What does a good citizen do?
If you paid attention in eighth grade civics class, you can rattle off the standard list of a citizen’s duties, including voting, obeying laws, becoming informed on pertinent issues, investing in your community, paying taxes, serving a jury panel, or perhaps even defending your country.
But this list is missing something. Have you ever thought about the importance of seeking profit as a citizen?
I recently had the privilege of speaking at a panel hosted by the Center for Reflective Citizenship at the University of Tennessee at Chattanooga, and we examined different facets of what it means to be a good citizen.
Most things we identify as characteristics of a good citizen are outward-facing actions, things that require a measure of supposed selflessness.
Often, the law may require us to adhere to stipulations that are personally inconvenient. Voting involves effort to step outside of our routines, and often the array of candidates is underwhelming. Attending a town hall meeting may not fit nicely into your schedule, and I don’t think I’ve ever heard of someone enjoying paying taxes.
Yet these are all things in which many of us participate regularly.
We recognize that sacrifice is essential to a healthy polity. As we understand from what the Bible says about government, the role of the citizen is essential. The burden of maintaining freedom lies on those benefiting from the prosperity stemming from it.
Exploring Profit as a Form of Citizenship
How does profit relate to these other aspects of citizenship?
Profit is designed to reward value creation. To earn profit, an entrepreneur – or in this case, a citizen – must turn his or her gifts and talents to the most productive use to those around him or her.
On the surface, this may seem self-serving. And in the sense that there is a tangible reward for certain actions, it is. But it’s more complex than that and inherently involves service to others and sacrifice of self.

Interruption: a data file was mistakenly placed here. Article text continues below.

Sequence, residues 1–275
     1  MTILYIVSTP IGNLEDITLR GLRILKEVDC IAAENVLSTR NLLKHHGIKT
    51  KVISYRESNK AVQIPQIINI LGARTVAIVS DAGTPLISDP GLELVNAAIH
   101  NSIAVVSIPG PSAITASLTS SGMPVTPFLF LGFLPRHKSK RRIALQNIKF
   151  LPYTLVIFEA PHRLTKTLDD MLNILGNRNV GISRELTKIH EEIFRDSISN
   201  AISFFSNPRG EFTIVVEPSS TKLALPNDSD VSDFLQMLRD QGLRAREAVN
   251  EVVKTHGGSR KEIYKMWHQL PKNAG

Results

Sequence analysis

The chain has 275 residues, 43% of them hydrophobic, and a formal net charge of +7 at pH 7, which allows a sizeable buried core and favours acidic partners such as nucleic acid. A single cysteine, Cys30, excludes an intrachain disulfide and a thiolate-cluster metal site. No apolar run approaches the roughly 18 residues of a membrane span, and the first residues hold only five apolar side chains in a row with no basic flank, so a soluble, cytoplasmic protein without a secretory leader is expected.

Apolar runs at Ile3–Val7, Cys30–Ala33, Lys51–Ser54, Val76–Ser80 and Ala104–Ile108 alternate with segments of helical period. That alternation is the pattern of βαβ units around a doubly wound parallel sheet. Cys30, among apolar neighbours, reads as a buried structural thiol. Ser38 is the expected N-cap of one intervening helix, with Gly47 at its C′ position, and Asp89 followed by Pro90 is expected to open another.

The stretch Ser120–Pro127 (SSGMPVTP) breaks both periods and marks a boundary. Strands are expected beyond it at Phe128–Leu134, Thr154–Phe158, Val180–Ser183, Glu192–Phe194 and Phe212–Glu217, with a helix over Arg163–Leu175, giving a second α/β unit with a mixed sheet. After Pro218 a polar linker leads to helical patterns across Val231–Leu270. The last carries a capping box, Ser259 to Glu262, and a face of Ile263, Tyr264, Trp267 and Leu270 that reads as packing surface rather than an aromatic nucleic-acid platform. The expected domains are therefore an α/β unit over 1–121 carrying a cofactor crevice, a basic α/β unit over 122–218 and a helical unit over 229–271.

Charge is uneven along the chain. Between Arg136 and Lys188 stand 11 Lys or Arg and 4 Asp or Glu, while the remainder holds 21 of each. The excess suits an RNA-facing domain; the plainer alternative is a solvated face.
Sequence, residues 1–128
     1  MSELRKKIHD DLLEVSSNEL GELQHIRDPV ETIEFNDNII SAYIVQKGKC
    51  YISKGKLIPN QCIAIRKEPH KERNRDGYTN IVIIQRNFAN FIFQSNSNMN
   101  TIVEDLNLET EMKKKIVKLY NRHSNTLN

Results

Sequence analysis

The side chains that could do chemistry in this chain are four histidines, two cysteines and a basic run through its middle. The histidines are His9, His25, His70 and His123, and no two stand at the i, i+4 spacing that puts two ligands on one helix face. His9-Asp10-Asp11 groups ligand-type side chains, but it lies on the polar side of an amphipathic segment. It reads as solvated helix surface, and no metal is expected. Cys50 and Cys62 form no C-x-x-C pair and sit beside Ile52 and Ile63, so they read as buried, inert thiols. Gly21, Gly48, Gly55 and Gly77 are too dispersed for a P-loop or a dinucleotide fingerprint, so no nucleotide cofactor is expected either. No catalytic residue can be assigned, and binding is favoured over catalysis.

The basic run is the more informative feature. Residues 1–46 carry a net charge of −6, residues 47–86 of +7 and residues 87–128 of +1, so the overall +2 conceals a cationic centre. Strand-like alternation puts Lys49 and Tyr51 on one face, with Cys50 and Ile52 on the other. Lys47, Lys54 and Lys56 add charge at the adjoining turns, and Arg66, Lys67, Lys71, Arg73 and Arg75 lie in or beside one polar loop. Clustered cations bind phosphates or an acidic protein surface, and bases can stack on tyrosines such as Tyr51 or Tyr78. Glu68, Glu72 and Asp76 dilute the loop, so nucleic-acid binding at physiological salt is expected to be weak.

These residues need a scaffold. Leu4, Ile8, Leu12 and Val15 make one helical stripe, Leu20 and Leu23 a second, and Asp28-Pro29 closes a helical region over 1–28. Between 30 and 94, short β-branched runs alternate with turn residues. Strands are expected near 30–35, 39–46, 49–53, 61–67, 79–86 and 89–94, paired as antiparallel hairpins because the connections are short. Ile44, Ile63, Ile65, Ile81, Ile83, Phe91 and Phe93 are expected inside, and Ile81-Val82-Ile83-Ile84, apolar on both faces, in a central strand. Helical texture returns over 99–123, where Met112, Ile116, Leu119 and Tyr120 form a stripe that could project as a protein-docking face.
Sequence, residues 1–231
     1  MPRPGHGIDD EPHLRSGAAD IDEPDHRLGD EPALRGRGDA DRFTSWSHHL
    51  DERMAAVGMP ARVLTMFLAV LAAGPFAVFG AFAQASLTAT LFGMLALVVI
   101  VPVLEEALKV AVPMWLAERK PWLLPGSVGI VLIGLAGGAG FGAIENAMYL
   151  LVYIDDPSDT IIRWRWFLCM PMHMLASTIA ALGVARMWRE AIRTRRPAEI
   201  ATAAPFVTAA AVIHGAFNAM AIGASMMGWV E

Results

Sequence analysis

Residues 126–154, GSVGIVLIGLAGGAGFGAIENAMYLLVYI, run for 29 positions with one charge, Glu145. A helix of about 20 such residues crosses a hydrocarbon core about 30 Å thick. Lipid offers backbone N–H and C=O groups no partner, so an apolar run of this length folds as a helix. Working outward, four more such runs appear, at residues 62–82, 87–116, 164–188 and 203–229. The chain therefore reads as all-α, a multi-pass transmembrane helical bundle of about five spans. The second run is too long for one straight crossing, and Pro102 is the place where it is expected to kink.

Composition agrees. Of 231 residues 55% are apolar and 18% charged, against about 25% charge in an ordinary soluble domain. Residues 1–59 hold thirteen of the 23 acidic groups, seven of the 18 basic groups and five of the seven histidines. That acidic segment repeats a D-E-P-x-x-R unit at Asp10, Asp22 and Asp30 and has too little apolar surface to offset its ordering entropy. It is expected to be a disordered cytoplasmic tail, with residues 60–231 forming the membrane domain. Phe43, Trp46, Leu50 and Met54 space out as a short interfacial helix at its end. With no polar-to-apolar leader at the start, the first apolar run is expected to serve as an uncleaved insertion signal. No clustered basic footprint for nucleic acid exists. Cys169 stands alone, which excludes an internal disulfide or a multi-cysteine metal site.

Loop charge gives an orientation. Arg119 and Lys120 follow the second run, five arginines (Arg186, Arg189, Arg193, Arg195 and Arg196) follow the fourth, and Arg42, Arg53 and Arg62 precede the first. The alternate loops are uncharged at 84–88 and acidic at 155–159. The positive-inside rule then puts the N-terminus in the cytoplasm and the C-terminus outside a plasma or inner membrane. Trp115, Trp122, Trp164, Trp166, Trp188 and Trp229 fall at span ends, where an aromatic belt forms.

When resources are used in a way that benefits others, everyone prospers. Ultimately, an entrepreneurial project benefits the community as a whole because the end result is a product that prices reveal to be valuable.
The technology that Apple has developed clearly leads to profits that benefit the makers and executives, but the beneficiaries of the developments are widespread and the benefits extend far beyond company profits.
In fact, the benefits of Apple and other technology companies to ordinary individuals far outweighs the monetary profit received by Apple. We are much better off as an aggregate because of a few individuals’ pursuit of the talents they have been given.
Citizens of Another Place
As Christians, we are aware that our citizenship is not just of the country in which we physically live. How we behave in our local and national communities reflects on the nature of our citizenship in God’s family.
While we cannot expect the complete restoration of this world until Christ returns, we can rest in the knowledge that God will use us for his glory and our good even while still on earth.
As Hugh Whelchel said in a post about voting and elections,
As Christians, our participation in this great American experiment enables us to bring a biblical influence to our culture. While this is not a silver bullet that will fix all the ills of our society, it is a part of being salt and light in the part of the world where we live. Our call to serve our communities in this way is just as important to God as the work we do in our churches, our families, and our vocations.
For those called to the for-profit space, seeking profit in a way that glorifies God is an extension of our community service. It is important that we, as Christian citizens, consult the Bible as we cast our votes, but we should not neglect to actively seek value creation through the use of our gifts and talents.
Leave your comments here.